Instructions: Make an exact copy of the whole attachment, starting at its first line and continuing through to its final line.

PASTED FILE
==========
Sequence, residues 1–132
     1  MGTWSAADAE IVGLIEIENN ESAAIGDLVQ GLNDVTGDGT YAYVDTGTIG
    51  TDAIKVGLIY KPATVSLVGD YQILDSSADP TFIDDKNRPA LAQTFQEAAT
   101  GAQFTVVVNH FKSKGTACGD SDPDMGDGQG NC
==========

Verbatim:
Sequence, residues 1–132
     1  MGTWSAADAE IVGLIEIENN ESAAIGDLVQ GLNDVTGDGT YAYVDTGTIG
    51  TDAIKVGLIY KPATVSLVGD YQILDSSADP TFIDDKNRPA LAQTFQEAAT
   101  GAQFTVVVNH FKSKGTACGD SDPDMGDGQG NC